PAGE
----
Harvest quality of sugar beet varies according to soil conditions, harvester type and setting, and variety, too. Harvest quality may affect storage losses, in particular when injuries occur. To determine the harvest quality of commercial sugar beet and to quantify resulting storage losses, 92 commercial sugar beet clamps were sampled across Germany and information about harvest conditions were gathered. At IfZ, soil tare, leaf residues, topping diameter, root tip breakage and surface damage of the beets were determined. The beets were stored in 6 replicates in a climate container at 9°C for 10 weeks. The results demonstrate a rather good harvesting quality of sugar beet in Germany. Soil moisture at harvest did not affect harvest quality and storage losses. Very light, but also heavier soils lead to inferior harvest quality (soil tare, root tip breakage, damage) and slightly higher storage losses compared to the typical loam soils. Significant differences occurred between the three harvester types (companies). In general, high root tip breakage and severe surface damage of the beet was related to a high infestation with mould and rots, high invert sugar contents after storage and high sugar losses. Out of the five most planted varieties, in particular one turned out to be very susceptible to damage, resulting in high storage losses. The factor analysis suggests that the effect of harvester / harvester setting and of variety is more important for harvest quality and storage losses of sugar beet than soil conditions at harvest. Therefore, attention should be paid to optimize these conditions.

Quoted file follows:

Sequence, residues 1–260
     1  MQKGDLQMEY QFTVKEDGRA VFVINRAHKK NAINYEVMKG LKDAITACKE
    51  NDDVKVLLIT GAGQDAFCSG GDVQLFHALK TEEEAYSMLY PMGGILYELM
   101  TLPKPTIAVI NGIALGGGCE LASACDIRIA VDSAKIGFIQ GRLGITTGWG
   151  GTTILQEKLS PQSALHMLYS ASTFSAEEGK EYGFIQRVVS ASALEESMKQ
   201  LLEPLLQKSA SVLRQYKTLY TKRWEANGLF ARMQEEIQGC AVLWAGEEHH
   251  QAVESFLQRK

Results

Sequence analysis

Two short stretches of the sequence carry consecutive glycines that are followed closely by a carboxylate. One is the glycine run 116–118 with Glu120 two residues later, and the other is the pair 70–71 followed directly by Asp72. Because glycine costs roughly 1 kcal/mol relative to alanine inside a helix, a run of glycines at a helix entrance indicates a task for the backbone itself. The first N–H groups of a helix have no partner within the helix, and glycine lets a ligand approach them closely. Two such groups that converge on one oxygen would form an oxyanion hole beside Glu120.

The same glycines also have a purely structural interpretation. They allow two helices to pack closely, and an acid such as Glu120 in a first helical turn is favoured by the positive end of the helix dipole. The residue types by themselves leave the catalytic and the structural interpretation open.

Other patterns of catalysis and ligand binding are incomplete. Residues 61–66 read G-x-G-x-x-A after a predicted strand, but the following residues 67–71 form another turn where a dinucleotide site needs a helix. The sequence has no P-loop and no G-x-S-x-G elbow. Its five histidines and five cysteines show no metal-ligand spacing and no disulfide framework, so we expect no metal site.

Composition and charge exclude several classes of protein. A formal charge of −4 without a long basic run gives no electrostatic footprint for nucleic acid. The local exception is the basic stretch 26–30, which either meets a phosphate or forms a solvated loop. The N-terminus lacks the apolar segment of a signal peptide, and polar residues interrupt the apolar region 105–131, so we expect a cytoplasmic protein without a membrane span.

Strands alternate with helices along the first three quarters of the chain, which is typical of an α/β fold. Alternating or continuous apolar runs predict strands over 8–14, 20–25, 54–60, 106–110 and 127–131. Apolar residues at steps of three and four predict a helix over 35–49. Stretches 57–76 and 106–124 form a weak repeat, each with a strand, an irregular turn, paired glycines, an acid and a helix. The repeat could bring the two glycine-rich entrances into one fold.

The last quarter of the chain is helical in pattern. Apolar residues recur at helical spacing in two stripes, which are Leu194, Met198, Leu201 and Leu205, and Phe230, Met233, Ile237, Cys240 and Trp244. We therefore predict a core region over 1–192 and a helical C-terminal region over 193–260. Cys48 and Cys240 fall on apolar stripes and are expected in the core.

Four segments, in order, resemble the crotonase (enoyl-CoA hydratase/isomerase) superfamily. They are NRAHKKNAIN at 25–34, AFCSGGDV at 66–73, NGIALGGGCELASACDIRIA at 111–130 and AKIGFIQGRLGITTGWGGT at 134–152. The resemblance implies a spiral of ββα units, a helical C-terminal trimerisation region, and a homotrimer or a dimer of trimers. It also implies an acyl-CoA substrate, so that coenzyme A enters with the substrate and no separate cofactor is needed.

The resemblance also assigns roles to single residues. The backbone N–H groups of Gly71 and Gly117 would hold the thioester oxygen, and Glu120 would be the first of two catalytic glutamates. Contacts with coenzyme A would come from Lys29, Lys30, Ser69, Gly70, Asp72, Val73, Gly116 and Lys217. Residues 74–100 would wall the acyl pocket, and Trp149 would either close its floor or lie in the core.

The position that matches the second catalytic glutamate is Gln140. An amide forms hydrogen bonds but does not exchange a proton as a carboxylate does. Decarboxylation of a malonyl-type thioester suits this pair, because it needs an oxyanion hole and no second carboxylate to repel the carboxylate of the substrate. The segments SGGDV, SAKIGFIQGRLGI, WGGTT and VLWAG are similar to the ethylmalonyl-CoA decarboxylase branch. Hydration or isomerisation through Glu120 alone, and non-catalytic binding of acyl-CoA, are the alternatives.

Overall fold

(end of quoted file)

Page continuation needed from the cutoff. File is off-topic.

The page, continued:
Key words: damage, topping, soil tare, sugar loss, harvester, variety, soil conditions
pdf download: 2018-639-647.pdf